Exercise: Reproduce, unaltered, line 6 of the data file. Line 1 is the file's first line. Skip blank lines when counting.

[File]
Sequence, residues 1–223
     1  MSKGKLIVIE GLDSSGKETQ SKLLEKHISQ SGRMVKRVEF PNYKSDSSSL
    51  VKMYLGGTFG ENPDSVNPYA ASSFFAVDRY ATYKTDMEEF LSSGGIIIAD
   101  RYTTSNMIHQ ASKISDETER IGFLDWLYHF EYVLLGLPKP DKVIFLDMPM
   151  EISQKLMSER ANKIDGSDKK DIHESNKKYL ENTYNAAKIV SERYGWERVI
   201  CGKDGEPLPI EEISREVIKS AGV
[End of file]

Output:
   201  CGKDGEPLPI EEISREVIKS AGV